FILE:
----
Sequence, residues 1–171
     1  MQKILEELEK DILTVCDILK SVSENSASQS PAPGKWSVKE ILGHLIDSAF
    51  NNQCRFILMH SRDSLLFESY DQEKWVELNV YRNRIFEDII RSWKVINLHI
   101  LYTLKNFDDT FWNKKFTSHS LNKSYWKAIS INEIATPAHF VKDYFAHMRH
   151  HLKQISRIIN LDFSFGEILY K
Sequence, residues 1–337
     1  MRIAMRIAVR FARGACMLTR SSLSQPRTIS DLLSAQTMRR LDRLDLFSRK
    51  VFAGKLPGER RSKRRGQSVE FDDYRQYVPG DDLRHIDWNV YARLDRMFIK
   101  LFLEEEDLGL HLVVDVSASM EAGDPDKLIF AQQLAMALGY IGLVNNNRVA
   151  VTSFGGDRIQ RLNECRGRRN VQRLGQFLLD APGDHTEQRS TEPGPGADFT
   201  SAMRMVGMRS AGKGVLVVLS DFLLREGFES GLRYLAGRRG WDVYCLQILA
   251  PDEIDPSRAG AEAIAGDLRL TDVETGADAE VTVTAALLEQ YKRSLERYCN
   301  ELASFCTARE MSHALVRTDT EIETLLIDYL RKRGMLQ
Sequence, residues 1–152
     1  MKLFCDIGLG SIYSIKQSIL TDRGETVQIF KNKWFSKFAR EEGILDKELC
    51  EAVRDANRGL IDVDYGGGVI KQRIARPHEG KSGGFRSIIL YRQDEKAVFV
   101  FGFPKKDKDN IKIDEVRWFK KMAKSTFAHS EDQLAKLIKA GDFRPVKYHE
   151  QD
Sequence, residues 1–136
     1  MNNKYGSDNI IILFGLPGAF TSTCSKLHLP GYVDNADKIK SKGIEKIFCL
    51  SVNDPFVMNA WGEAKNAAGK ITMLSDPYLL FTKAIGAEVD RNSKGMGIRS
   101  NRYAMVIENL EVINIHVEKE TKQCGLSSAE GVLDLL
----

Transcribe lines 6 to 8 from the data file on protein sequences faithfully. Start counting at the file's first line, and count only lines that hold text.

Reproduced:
Sequence, residues 1–337
     1  MRIAMRIAVR FARGACMLTR SSLSQPRTIS DLLSAQTMRR LDRLDLFSRK
    51  VFAGKLPGER RSKRRGQSVE FDDYRQYVPG DDLRHIDWNV YARLDRMFIK